ACT for America has some troubling news on the stealth jihad in America.
Minnesota continues to make the news with stories of suspected Somali-born Islamic terrorists coming out of the state; Muslims winning a legal battle against a meat processing facility that refused to knuckle under to their demands; a publicly-funded charter school being sued by the ACLU on the grounds it impermissibly promotes Islam; Muslim cab drivers refusing to pick up passengers who carry alcohol; a community college where the interfaith chapel was taken over by Muslim students and turned into a de facto mosque – and now this story below.
Meanwhile, Minnesota has dived into the world of shariah law through its state-sponsored program of home mortgage products that are shariah-compliant.
Is there a coincidence between Minnesota’s efforts to accommodate its Muslim immigrant population and the degree of radicalism that is bubbling up in the state? As Great Britain has learned, and as we reported last week is beginning to re-think, a policy of disconnecting the supremacist ideology of political Islam from radicalism has proven to be a failure.
Great Britain has shown us how not to deal with the threat of radical Islam, but it may be tempting to dismiss Britain’s experience as unrelated to us in the U.S. because they’re “over there.” Could Minnesota be emerging as one of America’s exemplars of how not to deal with this threat?
Richard Tsong-Taatarii, Star Tribune
Abdirahman Omar managed the counter at Mustaqbal Express in Minneapolis with his daughter, Sumay, 3, while behind them, business continued Wednesday at the shop’s money-transfer service.
Agents wouldn't say whether the raids were connected to several missing Somali men.
By LORA PABST and RICHARD MERYHEW, Star Tribune staff writers
Last update: April 8, 2009 - 10:04 PM
Federal agents raided three Minneapolis money transfer businesses that mainly serve the Somali community Wednesday, seeking records of financial transactions to several African and Middle East countries.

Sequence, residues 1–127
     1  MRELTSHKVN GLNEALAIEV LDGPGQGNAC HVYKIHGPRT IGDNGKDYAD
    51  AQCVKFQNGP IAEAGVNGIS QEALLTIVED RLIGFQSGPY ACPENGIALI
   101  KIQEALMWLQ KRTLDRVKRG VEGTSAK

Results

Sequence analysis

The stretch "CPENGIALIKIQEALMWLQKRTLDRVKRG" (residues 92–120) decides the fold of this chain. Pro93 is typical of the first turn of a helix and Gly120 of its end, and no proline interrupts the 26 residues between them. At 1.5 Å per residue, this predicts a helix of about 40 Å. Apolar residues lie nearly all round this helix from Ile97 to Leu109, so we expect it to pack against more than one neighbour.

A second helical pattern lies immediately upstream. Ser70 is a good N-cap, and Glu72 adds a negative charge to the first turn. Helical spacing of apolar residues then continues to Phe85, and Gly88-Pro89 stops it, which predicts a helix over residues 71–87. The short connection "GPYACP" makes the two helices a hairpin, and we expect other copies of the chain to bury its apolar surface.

E.K. Wilson, a special agent for the FBI in Minneapolis, confirmed that agents searched the businesses on the city's south side to track money transactions, but wouldn't disclose any further details.
The businesses are Qaran Express and Aaran Financial, both in the Karmel Mall, near W. Lake Street and Pillsbury Avenue S., and North American Money Transfer Inc., also known as Mustaqbal Express, at the Village Market Mall, at E. 24th Street and Chicago Avenue S.
While it's not clear that the raid was directly connected to a continuing federal investigation into the possible link between terrorist groups and the disappearances of seven to 20 young Somali men in the Twin Cities over the past two years, it appears to be part of an effort since the Sept. 11, 2001, terrorist attacks to crack down on financial connections to terrorist networks and operations overseas.
Two months after the attacks on the Pentagon and World Trade Center, federal agents froze the assets of five Somali-related operations at three locations in Minneapolis because of suspicions that they were laundering money to Osama bin Laden or his terrorist organization Al-Qaida. In the end, none was the subject of federal criminal indictments.
Somali residents had bemoaned the shutdowns, saying that the businesses were their only way of getting money to impoverished relatives in Somalia.
"We've been through this before," said Omar Jamal, executive director of the Somali Justice Advocacy Center in St. Paul. "What happened today is the beginning of a long story, so we don't want the community to panic."
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